Crows are seen as a commanding symbol around the world, including as a sacred animal in Aboriginal culture and as a harbinger of death in Ancient Greece. The birds have played a prominent role in several cultures due to their widespread presence—about 40 species occupy Europe, Africa, Asia, Australia, and North and Central America. Now a new study from the Washington University in St. Louis, published on April 21 in the journal Nature Communications, finds that there is good reason to believe in the power of crows and their raven kin, aside from their spiritual meaning. 1
Evolutionary biologist Joan Garcia-Porta’s team found that crows and ravens, both in the corvid family, expanded their range and evolved into various species quickly. After spanning almost the entire globe between 22 to 18 million years ago, the crows and ravens were exposed to new environments. To survive in these different niches, members of the genus Corvus experienced high rates of adaptation and species diversification roughly 10 million years ago. How the birds were able to do this, however, was a central question in the study.
Crows and ravens are renowned for their unique skill sets. Studies have shown that ravens have similar cognitive abilities to adult apes and can mimic human speech. Meanwhile, crows are happier when using tools and are able to recognize human faces. But Garcia-Porta’s study focused on the physical adaptations that allowed corvids to disperse and diversify better than other birds, including elongated wings and large bodies that proved advantageous when competing for resources with other avian species.
[Related: Why are crows and ravens such jerks?]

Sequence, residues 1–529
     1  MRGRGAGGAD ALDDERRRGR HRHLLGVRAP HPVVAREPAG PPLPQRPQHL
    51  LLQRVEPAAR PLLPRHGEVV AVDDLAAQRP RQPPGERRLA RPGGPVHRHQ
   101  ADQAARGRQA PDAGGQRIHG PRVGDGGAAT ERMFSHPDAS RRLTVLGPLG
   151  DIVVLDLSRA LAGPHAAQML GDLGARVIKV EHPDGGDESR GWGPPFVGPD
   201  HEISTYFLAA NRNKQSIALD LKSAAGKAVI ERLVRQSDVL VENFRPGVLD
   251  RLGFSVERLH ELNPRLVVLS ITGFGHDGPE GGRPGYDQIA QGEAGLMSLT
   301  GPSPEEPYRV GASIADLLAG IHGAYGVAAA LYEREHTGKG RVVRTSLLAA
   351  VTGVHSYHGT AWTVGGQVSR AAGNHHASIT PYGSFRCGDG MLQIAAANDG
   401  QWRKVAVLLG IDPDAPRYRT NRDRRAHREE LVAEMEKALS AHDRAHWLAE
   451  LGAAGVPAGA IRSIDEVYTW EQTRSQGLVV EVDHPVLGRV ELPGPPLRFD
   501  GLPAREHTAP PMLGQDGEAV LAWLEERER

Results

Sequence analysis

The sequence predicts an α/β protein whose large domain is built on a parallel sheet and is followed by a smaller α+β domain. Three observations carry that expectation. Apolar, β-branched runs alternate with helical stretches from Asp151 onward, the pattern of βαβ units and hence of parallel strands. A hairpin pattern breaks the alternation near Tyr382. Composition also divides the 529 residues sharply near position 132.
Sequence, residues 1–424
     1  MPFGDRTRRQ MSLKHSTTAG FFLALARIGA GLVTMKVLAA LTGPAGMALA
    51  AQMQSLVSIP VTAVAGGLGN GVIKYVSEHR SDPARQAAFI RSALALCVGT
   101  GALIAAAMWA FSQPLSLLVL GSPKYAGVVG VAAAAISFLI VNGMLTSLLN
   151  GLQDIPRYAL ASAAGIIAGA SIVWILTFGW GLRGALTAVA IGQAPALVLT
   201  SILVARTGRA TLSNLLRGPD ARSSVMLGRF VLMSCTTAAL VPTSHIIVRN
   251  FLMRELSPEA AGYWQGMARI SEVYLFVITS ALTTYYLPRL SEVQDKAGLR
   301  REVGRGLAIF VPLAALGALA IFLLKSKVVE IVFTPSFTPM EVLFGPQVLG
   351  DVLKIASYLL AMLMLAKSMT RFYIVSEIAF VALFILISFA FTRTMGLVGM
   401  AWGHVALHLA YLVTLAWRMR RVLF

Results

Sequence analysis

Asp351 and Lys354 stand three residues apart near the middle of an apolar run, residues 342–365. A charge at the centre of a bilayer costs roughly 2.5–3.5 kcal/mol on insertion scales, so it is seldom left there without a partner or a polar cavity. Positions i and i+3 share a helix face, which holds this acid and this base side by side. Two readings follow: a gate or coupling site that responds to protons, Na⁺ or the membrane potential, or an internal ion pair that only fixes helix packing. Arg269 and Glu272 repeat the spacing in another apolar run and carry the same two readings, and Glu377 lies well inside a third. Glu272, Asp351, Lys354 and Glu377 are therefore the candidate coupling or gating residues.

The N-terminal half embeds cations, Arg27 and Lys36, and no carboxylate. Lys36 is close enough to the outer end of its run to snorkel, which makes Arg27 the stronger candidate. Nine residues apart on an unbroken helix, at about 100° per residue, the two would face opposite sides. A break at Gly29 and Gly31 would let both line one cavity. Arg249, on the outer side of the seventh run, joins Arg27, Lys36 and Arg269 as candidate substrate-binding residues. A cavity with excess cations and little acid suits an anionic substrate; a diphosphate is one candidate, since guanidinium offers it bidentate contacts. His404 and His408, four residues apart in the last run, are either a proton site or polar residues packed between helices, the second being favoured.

After establishing the contributing factors of geographic spread, the researchers analyzed the individual characteristics of 46 crow and raven species to examine their physical diversity. The team used modeling software to tease out the genes and traits behind beak sizes, brain volume, and femur lengths, among other variables. The results showed that the highest rates of diversification in crows and ravens matched up with habitat and climatic expansion. The species also adapted quicker than any other prehistoric or modern birds included in the comparison.
“When we think about processes of global diversification, it is important to consider not just the ability to reach new places, but also the ability to survive once you get there. Our work suggests that crows and the ravens diversified both quickly and widely because they were particularly good at coping with different habitats,” Carlos Botero, a biologist at Washington University in St. Louis and co-author of the study, said in a press release.
The authors note that the exact reasons behind these processes are still not known. A large brain mass to body size ratio, however, provides a greater ability to innovate and learn new behaviors, which might have helped crows and ravens survive for longer in new environments. Combined with the physical abilities that allowed them to reach new habitats with a variety of niches, the study could hold the real answers behind the corvid conquest.